• I do actually want to read Middlesex–I just finished The Marriage Plot about a month or so ago and really liked it. I’ll have to take a look at that list. But I would feel the same way about wanting to tell people I didn’t decide to read it just because of the Oprah sticker, blegh.

            Oh and yeah that quote is awful!

      • I hate the Oprah stickers printed onto the covers. Once in a while there is one of those books that sounds interesting to me, and I kind of feel dirty with that sticker there. I guess I could wrap the book in a paper bag cover and write “Porn” on it or something.

  12. I don’t care. For me, it’s don’t judge a book by it’s cover. But I kind of like what’s been said about the tie-in covers dating the book. For me, it makes me think of Rebecca by Daphne du Maurier. It’s my favorite book, but I think the Hitchcock adaptation is only so so. Even so, I would *love* a movie tie in edition of that book. I think that would be pretty awesome.

    • Honestly, more power to you if it doesn’t bug you! My life would be a great deal easier if was less picky about these things :) I loved Rebecca too, but I don’t think I even knew it was a movie. Is it worth it to see or should I skip it?

      • If you’re a Hitchcock fan, I’d recommend it, but otherwise, I’d say skip. It won best picture. But I think since so much of the tension in that book took place in Mrs. de Winter’s head, it just didn’t make such a great movie. I’d really want the book referencing the Hitchcock film not because I liked the movie but because it would date the book to the 1940s and because the movie is a classic, I guess. Like with the Princess Bride cover sj mentioned. It’s a (modern) classic, so the book is dated to the film, which I think makes for neat memorabilia.

        I’ve been thinking more about this, and I think the primary reason why movie tie in editions don’t bug me is because they tend to be cheaper, and I’m cheap.

        • Yeah, that’s what gets me about a lot of movie adaptations–so often so much of what’s happening is in the protagonist’s head (not that it’s imaginary, just introspective) that it never translates to film very well, I don’t think.

          Okay, I can see your reasoning about wanting a tie-in cover for that movie in particular. Makes sense. And would probably not be as ridiculous of a marketing ploy as some tie-in covers are these days. I usually don’t find tie-ins to be any cheaper than regular novels, but maybe I’m looking in the wrong places? If anything I’ve seen them get more expensive because they’ve added a glossy cover or something. (This is in bookstores, not necessarily on, say, amazon or something.)

  13. I don’t think I ever *noticed* it bothering me until recently when I put a copy of “I, Robot” on hold at the library. Upon picking it up, I noticed it was a movie tie-in cover. Now, I’ve seen the movie, and I know darn well it has very little to do with the original collection of stories (other than the title and the concept of robots), so that just pissed me off for some reason. And the whole time I was reading the book, I just wanted to smack Will Smith’s face off of it. I suppose if you’re maintaining some faithfulness to the original material, then I’m not as bothered (although I love my original ASOIAF book covers that don’t have the HBO banner on them, I feel a little hipster-ish for that feeling). Overall, though, I’d much rather NOT have a movie/TV tie-in cover.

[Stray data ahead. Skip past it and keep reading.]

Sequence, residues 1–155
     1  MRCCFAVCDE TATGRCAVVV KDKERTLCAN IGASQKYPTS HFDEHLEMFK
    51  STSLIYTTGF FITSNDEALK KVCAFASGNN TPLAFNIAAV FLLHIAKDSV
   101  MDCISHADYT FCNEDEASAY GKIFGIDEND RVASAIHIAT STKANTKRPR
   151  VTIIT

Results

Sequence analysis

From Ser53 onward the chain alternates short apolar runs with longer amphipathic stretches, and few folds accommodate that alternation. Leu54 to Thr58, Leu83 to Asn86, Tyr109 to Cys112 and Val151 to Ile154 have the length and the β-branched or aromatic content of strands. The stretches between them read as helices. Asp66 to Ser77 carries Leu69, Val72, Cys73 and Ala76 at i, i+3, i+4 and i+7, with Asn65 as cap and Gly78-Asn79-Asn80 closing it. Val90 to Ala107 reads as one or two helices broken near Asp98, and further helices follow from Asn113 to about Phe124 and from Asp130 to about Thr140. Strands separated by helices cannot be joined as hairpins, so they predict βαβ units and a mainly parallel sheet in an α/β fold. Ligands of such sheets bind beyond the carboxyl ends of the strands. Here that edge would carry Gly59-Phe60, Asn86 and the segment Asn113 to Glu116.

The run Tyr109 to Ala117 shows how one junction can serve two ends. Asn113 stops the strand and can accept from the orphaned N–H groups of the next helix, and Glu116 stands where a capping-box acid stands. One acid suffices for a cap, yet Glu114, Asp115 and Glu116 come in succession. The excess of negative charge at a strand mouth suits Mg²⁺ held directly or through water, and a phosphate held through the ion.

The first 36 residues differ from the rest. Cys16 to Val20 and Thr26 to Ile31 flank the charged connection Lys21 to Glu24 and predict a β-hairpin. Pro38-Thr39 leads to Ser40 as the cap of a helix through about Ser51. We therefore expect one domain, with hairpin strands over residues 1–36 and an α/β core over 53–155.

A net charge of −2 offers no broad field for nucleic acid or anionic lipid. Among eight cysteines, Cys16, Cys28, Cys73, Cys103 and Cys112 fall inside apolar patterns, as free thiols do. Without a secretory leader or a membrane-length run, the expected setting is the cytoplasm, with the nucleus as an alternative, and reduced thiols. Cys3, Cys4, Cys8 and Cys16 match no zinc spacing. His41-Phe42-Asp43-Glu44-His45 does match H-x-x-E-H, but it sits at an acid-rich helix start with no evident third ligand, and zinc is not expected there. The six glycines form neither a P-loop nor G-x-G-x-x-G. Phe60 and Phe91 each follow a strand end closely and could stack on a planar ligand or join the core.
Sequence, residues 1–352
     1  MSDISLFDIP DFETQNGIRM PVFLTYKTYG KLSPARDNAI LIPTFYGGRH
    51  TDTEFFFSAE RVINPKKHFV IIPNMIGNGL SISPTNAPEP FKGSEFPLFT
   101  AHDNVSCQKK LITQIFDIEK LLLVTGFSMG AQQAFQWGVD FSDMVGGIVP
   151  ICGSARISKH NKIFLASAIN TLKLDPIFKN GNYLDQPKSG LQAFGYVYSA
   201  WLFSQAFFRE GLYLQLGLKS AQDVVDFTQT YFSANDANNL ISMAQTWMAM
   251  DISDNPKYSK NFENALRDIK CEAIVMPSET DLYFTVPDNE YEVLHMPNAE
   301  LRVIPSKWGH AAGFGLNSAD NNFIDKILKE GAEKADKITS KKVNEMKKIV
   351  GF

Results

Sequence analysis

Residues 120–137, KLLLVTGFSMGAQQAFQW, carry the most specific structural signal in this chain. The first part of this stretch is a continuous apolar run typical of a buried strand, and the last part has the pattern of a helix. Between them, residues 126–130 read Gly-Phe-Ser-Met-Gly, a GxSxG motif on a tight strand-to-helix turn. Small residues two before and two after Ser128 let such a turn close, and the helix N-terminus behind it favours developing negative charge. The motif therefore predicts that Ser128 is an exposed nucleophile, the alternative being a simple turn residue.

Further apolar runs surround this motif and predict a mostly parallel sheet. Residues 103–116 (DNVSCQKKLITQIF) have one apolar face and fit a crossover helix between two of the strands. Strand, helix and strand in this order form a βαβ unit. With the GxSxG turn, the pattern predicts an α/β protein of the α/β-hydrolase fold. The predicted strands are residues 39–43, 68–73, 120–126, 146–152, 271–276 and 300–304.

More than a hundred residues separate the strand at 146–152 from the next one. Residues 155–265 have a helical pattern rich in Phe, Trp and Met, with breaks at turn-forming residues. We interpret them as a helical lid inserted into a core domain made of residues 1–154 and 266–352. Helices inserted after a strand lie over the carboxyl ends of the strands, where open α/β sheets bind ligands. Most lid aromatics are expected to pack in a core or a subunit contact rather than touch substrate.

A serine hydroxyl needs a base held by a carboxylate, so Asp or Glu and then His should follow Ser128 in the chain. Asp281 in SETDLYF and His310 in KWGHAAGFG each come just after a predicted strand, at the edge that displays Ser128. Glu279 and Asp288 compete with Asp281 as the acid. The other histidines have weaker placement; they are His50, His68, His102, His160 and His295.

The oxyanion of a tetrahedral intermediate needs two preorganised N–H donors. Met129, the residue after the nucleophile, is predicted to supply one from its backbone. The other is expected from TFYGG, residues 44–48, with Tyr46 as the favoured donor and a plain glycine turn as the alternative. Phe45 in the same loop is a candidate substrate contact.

• I read A Walk to Remember long after I had seen the movie. The book had a tie-in cover, but I seem to remember the book being pretty different from the movie, actually. I was pretty young at the time so I didn’t really think of it, but I’m guessing the reason I picked up the book in the first place was because I didn’t realize the movie was based on a book and I saw Many Moore on the cover. *shrug* I can’t wait to buy a nice, non-tie-in-cover boxed set of ASOIAF.

  14. I’ve been fascinated with the book-movie tie-in thing for a while now. Books as a medium have many strengths, while films have a few of their own. Visual and auditory cues and symbols can reach us in a way that words describing the same thing cannot. Still, as you mentioned, reading allows you to form a genuine relationship with the characters in the books because you are actually able to get into the characters’ heads and relate to them. I’ve written about it on here before, but I generally try to treat movies and books as separate experiences, and even when I think I know how the story will go, I am always surprised when I watch or read the same story again. As for the covers, I’m kinda indifferent to them. As long as the words behind them are the same, I’m not so attached to books as material possessions as I am to them being a way to get an awesome story into my noggin.

    • As long as the words behind them are the same, I’m not so attached to books as material possessions as I am to them being a way to get an awesome story into my noggin.

      I so want to agree with you, and to an extent, I do. I ended up buying the cheapest versions of ASOIAF I could find so my husband could take them to Army training in San Antonio, despite the fact that they were tie-in covers. But I also enjoy books as art, and I like to have a well-organized and uniform bookshelf. Once a nice boxed set of ASOIAF comes out I’ll definitely be purchasing those and selling or donating the copies I already have, because I want my copies to be uniform. I know the stories are the same, and that’s why, in the end, I decided to suck it up and buy the tie-in versions.

      It’s always been really hard for me to separate books and the movies based on them, so now I just tend to avoid movie adaptations of books. I’m really impressed with people who can separate them; I’m just not one of those people, unfortunately.

  15. Pingback: Secret Window, Secret Garden (from Four Past Midnight) – Stephen King | Dog-Eared & Dog-Tagged

Talk to us!

Get Us In Your Inbox

Hot Discussions

%d bloggers like this: